Miller saw the Pawnee Indians as serious adversaries. They were frequently pictured by the artist lurking along the ridges, spying surreptitiously on the expedition as the troop moved westward. There were no reported confrontations, but the Pawnees posed a constant threat. This scene, therefore, is something of an anomaly. As serene as it appears, picturing an Indian man smoking contentedly beneath an arbor of blanketed bows and beside a lovely young woman, its placid exterior belies the nasty character typically suggested by Miller. Miller’s commentary on the scene is one of total disdain. The man is described as an arrogant martinet whose imperious, pugnacious habits are a threat to his fellow tribesmen and neighbors. (Ross, 115)
This watercolor is a study for one of the William Walters commissioned works, titled simply Indian Encampment (CR# 422A).
Peter H. Hassrick
Miller’s title indicates that the people in this sketch are of the Pawnee nation. A warrior and his spouse recline in the shade created by an awning made from a striped wool blanket. George Catlin visited and painted the Pawnee in the early 1830s and indicated that there were four bands that made up that nation; Grand Pawnee, Tappage Pawnee, Republican Pawnee, and Wolf Pawnee. These people lived in four separate villages a few miles apart along the banks of the Platte River. They were allied with the Omaha (also called the Maha) and Ottoe tribes whose villages were near to the Pawnee. Like many of the river-based tribes, the Pawnee were farmers as well as buffalo hunters.
The warrior smokes a long-stemmed pipe as he rests against a bale of furs or buffalo robes. The “calumet” was originally a highly decorated wand or reed used in native ceremonies to represent the eagle spirits and provide an intermediary between man and the creator. The tobacco culture ceremonies eventually combined the calumet reed with the stone pipe bowl and the combination became the highly revered “calumet pipe.” This pipe was used as a passport symbolizing good faith and good will among both the Plains and Woodlands native peoples.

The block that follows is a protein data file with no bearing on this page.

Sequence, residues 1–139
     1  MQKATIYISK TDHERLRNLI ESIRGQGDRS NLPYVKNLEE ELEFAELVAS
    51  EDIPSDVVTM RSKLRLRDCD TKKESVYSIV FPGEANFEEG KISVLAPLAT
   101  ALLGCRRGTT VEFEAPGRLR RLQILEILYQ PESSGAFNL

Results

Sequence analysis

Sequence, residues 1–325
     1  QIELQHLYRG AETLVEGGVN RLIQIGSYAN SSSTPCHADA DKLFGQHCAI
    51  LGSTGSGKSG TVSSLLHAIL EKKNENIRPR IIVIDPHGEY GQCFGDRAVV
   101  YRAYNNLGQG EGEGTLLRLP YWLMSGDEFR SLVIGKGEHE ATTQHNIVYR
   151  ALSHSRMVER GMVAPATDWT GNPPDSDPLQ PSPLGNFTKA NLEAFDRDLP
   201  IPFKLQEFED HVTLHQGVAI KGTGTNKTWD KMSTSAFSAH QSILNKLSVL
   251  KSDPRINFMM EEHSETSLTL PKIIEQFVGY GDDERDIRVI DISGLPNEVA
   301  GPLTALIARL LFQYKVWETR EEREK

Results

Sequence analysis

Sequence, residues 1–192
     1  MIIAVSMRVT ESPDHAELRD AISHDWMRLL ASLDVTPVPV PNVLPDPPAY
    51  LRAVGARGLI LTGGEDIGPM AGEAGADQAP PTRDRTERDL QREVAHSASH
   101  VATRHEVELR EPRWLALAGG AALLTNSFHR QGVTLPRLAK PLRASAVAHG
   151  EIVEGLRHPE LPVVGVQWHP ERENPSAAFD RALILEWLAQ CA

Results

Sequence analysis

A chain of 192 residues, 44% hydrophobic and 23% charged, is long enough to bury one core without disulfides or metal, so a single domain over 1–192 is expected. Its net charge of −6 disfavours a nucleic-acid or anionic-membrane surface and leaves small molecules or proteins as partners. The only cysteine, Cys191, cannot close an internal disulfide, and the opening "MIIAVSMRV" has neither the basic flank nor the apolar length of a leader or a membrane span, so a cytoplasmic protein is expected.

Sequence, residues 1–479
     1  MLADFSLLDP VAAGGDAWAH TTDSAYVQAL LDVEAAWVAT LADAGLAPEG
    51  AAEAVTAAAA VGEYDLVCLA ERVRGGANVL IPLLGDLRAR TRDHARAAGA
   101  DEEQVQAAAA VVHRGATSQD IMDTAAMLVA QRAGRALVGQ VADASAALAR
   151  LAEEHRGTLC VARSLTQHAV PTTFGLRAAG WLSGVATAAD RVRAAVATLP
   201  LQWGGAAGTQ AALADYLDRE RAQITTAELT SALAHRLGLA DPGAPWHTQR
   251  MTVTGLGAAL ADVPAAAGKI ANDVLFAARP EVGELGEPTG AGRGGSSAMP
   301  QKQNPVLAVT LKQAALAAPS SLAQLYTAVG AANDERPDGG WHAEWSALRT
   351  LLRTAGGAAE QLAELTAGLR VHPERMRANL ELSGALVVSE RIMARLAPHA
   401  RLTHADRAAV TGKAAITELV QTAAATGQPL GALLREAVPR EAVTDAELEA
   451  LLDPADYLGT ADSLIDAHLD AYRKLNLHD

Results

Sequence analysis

Various kinds of stone were used to make pipe bowls by the Plains Indians. The criteria required a somewhat soft stone that could be easily shaped, including steatite, chlorite, and limestone, however the most desirable stone was a hard, pressed red clay slate. This pipestone and the places to quarry it, located in present day Minnesota and Wisconsin, had been known to Native Americans since prehistoric times. This red pipe stone, called “catlinite,” was named for George Catlin who visited and wrote about the quarries in 1836.
Various species of tobacco plant were cultivated and used by Native Americans prior to their contact with Euro-Americans. Tobacco was considered a gift of the supernatural powers to man and originally limited to ritual usage. The beginning of recreational use among native tribes seems to coincide with Euro-American contact and the use of tobacco as an item of trade for both Plains and Woodland tribes.
For Further Reading:
Catlin, George, Letters and Notes on the Manners, Customs, and Conditions of North American Indians, Vol. II.
Hail, Barbara A., Hau, Kola!
UR: No. 118. LC: Pawnee Indian Camp
The artist; by descent to Louisa Whyte Norton; [Old Print Shop, New York, NY, 1947]; The Boatmen’s National Bank of St. Louis, MO; Bank of America, New York, NY; present owner, 2013